Tag Archives: Momentum

Momentum Hits Back After Wilce Inquiry Goes Public

At last.  Yesterday saw the public release of the very catchy sounding report “The Circumstances into which Mr Stephen Wilce was employed as Director of the Defence Technology Agency”.

For any of you who have been living under rocks lately, this report is of significant interest to our New Zealand recruitment community because of the role played by Momentum in the sourcing and presenting of Stephen Wilce as a candidate for the role.  Placed by Momentum back in 2005, Stephen Wilce muddled through 5 years in the job before an expose on 60 Minutes last month revealed him to be a fantasist making wild claims of Olympic bobsleigh exploits, representing Wales against the All Blacks and, my favourite, playing guitar on the British folk circuit (is that something you’d actually make up to try and impress someone?!)

How much Momentum charged for their work depends on what website you read, ranging from $25,000 in the Herald to $70,000 in Stuff.

The New Zealand Defence Force realised what an almighty and embarrassing mistake this was and immediately went about the honourable process of seeking to lay blame elsewhere.  So, despite assembling an expert interview panel themselves and deciding to make the appointment, they have been trying to suggest it was all Momentum’s fault for not conducting adequate reference and background checks.  Momentum denied this, saying that it was not their responsibility to conduct reference checks as the NZDF had agreed to do this as the hiring process unfolded.

You might have read my comments on this in earlier blog posts but I have always sided with Momentum on this.  This isn’t due to some form of nepotism or bias towards them but really because I see this as an issue affecting all of us in recruitment, and this is something that could have happened to any other firm out there.  The fact Momentum’s reputation has been severely tested does not just affect Momentum, it affects all of us in recruitment.  People outside our industry are quite happy to tar us all with the same brush, and you will have all experienced this first hand.  They don’t care if your firm isn’t Momentum, they would happily believe that because of these stories, it probably means that all recruitment companies fail to conduct proper background checks.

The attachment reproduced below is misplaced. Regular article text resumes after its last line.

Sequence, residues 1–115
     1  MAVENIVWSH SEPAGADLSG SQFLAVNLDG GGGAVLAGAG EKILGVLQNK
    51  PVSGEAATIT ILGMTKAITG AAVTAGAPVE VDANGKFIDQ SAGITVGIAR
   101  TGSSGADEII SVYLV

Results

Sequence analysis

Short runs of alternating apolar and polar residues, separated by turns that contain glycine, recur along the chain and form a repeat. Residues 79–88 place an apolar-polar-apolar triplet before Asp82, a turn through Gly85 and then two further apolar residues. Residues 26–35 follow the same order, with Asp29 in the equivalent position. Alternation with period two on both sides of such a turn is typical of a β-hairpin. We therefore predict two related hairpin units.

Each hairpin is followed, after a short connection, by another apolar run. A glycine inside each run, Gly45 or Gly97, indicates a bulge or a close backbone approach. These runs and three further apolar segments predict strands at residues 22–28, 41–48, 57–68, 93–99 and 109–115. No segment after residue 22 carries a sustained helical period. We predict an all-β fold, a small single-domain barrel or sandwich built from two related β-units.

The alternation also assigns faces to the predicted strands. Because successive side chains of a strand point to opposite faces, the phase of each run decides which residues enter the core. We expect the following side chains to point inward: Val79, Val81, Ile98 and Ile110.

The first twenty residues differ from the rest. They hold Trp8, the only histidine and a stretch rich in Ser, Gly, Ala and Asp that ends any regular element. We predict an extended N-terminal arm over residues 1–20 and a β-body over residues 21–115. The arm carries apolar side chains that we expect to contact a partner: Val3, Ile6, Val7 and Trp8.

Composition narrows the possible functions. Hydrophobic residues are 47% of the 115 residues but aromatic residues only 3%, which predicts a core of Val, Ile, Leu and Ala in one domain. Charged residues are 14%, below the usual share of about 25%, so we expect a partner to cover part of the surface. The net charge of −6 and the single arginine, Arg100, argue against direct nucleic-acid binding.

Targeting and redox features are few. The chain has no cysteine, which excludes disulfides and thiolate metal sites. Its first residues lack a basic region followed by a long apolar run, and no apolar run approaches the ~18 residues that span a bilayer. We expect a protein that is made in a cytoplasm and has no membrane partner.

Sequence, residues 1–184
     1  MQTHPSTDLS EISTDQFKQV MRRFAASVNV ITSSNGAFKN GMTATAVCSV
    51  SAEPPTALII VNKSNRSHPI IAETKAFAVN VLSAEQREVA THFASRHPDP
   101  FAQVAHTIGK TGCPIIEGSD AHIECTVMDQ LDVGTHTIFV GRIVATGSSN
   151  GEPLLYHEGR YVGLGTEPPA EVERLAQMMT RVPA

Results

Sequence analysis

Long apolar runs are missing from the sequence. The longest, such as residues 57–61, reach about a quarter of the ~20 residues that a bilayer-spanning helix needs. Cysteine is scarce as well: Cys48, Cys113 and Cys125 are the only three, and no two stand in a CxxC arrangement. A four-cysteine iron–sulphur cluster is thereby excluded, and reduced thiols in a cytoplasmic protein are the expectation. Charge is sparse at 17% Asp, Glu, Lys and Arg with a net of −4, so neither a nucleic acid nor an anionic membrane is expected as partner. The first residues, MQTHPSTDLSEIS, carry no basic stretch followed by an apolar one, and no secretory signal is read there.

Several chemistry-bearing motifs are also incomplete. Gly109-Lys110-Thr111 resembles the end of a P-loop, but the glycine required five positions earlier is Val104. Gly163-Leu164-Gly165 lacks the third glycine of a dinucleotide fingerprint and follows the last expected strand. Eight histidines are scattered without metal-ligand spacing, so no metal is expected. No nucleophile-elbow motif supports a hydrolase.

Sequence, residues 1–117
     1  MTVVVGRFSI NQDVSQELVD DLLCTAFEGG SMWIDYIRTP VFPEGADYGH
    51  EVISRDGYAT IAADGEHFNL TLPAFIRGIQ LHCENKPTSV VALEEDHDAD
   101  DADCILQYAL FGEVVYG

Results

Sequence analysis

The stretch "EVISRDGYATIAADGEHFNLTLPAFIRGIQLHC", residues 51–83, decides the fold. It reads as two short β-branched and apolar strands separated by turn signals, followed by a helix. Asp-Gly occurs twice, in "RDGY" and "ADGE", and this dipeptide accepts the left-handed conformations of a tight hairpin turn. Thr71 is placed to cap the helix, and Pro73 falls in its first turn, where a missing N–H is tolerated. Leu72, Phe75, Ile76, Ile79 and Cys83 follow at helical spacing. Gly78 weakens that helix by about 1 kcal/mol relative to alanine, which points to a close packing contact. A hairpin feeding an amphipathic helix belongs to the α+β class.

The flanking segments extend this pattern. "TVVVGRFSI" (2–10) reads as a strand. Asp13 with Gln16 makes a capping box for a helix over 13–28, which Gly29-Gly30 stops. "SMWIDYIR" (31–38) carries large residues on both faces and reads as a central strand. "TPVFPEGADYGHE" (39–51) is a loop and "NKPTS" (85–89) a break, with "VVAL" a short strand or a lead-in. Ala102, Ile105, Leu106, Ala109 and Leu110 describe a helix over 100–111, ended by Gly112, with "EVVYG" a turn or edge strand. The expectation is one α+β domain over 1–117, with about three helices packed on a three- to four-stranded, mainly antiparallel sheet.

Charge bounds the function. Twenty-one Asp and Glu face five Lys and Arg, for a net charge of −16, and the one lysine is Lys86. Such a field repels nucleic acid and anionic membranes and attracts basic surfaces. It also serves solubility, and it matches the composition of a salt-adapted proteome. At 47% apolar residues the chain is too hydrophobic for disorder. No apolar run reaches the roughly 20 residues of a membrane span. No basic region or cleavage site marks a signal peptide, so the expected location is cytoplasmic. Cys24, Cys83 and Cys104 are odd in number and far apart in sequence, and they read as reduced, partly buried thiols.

Let me ask you your impressions of finance companies when you hear about Blue Chip.  Or your impression of used car salesmen when you hear about one dodgy one on Target.  Even your impression of professional footballers when you hear about John Terry…err actually that might be a bad example as they probably are all like that (apart from the saintly Fabregas).

But joking aside, it has been disappointing for me to hear about other recruiters smirking into their flat whites at this controversy, and barracking Momentum from the crowd at the Seek Awards.  Get off your high horse, this attack on Momentum’s reputation isn’t just a pain in the backside for them, it affects all of our reputations out there in the wider business community.

I am particularly glad this report has finally come out because I believe it goes quite a long way (but not the whole way) to exonerating Momentum from blame.  You can download the whole report here but on the whole it is incredibly tedious and I can summarise the main points of interest as follows:

h.            Momentum Consulting Group Ltd (“Momentum”) carried out qualification checks on Mr Wilce in accordance with the then provisions of DFO 16.  Mr Wilce holds the qualifications that he claimed to hold in his curriculum vitae.

i.              Momentum carried out a criminal history check through a subcontractor.

j.             Momentum was obliged, under the contract it entered into with the Crown, to “undertake detailed reference checking” to the standard indicated in its Proposal.

k.            Momentum did undertake referee checks.

l.              The checking undertaken by Momentum met the basic standard then required by DFO 16; enquiries were made of Mr Wilce’s referees and no concerns about his background, integrity or character became apparent.

m.           The checking undertaken by Momentum did not satisfy the higher standard of thoroughness required by its contract with the Crown; adherence to this standard was necessary given the nature of the position.

n.            The NZDF recruitment project team placed an undesirably high level of reliance on Momentum carrying out the proper checks.  The NZDF could not contract out of its responsibility to ensure that adequate checks were conducted prior to appointing Mr Wilce.  Accordingly, the relevant manager, [the then Assistant Chief Development], bears command responsibility for any failings in this regard.

o.            The standard of checking required by DFO 16 at the time was inadequate in the circumstances.

It is with point “m” from this Executive Summary that Bede Ashby, the MD of Momentum, has taken umbrage.  In a press release issued last night he says:

“[Our] proposal recognized that the post of Director of the DTA required high-level reference checks. At no stage in the recruitment process did the NZDF ask us to complete these checks on Mr Wilce.

“If Momentum had been asked to carry out the full reference checks, as the Inquiry agrees was set out in our initial proposal to the NZDF, his claims about his performance in previous jobs would have been tested more rigorously. Although the checks were included in our proposal the client decided to take responsibility for these themselves.

“Variations on the original proposal are common in recruitment processes and this was no different. For example, Momentum completed assessment reports on all 14 members of the long list. This is very unusual but was carried out at the request of the client. The NZDF varied our original proposal by taking responsibility for the reference checks rather than having us complete them as originally proposed. These were among a number of variations agreed with the client during this process and our documents support this.”